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Where to Direct Your Mind

Excerpts from

Thoughts in Solitude

You pray best when the mirror of your soul is empty of every image except the Image of the Invisible Father.

Shall I drive evil out of my soul by wrestling with my own darkness? This is not what God has planned for me. It is sufficient to turn away from my darkness to His light...

My life is a listening, His is a speaking. My salvation is to hear and respond. For this, my life must be silent. Hence my silence is my salvation.

Prayer is then not just a formula of words, or a series of desires springing up in the heart -- it is the orientation of our whole body, mind and spirit to God in silence, attention, and adoration. All good meditative prayer is a conversion of our entire self to God.

If we try to contemplate God without having turned the face of our inner self entirely in His direction, we will end up inevitably by contemplating ourselves, and we will perhaps plunge into the abyss of warm darkness which is our own sensible nature. That is not a darkness in which one can safely remain passive.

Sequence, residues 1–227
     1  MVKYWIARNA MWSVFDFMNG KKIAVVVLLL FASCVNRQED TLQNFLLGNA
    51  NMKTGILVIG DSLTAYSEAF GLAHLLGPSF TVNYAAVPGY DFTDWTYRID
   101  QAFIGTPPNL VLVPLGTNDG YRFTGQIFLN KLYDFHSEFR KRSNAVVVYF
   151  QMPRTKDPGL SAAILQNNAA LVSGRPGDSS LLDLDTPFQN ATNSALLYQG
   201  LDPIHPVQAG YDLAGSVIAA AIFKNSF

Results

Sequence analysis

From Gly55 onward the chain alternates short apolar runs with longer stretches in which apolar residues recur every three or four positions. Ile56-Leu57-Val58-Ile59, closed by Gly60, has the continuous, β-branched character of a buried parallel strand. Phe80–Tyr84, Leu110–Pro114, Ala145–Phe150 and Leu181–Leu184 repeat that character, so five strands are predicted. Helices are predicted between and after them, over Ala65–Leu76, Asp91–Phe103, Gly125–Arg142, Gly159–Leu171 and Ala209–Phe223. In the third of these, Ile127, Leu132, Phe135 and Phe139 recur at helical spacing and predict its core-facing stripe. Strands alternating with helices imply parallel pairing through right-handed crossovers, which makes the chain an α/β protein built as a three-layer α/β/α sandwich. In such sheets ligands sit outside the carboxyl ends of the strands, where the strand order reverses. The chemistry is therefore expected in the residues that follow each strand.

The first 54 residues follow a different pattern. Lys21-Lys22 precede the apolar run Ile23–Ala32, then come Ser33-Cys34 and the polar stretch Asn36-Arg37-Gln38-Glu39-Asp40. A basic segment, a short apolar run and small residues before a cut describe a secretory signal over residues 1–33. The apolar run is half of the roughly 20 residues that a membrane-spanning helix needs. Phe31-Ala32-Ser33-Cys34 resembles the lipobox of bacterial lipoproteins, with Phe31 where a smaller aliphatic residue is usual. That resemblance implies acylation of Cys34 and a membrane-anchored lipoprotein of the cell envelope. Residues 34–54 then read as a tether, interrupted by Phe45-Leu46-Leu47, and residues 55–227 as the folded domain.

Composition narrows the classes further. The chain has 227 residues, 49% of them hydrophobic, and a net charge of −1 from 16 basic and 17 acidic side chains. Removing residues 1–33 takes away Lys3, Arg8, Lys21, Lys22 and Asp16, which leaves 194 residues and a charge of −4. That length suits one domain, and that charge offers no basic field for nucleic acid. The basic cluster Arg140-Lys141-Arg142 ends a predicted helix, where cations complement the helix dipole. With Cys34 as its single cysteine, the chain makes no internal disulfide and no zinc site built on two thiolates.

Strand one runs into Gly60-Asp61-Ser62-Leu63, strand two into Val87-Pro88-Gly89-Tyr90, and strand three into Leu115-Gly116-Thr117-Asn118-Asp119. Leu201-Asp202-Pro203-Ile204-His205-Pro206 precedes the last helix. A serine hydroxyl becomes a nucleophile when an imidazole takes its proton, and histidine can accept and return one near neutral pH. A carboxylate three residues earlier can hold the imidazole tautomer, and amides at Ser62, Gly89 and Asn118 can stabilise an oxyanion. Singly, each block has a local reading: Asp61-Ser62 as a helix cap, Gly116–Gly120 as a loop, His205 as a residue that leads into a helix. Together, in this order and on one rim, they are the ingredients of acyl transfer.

For inner silence depends on a continual seeking, a continual crying in the night, a repeated bending over the abyss. If we cling to a silence we think we have found forever, we stop seeking God and the silence goes dead within us. A silence in which He is no longer sought ceases to speak to us of Him. A silence from which He does not seem to be absent, dangerously threatens His continued presence. For He is found when He is sought and when He is no longer sought He escapes us. He is heard only when we hope to hear Him, and if, thinking our hope to be fulfilled, we cease to listen, He ceases to speak, His silence ceases to be vivid and becomes dead, even though we recharge it with the echo of our own emotional noise.

If we can, by God's grace, turn ourselves entirely to Him, and put aside everything else in order to speak with Him and worship Him, this does not mean that we can always imagine Him or feel His presence. Neither imagination nor feeling are required for a full conversion of our whole being to God. Nor is intense concentration on an idea of God especially desirable. Hard as it is to convey in human language, there is a very real and very recognizable (but almost entirely undefinable) Presence of God, in which we confront Him in prayer knowing Him by Whom we are known, aware of Him Who is aware of us, loving Him by Whom we know ourselves to be loved.

The eye which opens to His presence is in the very center of our humility, in the very heart of our freedom, in the very depths of our spiritual nature. Meditation is the opening of this eye.

Thomas Merton

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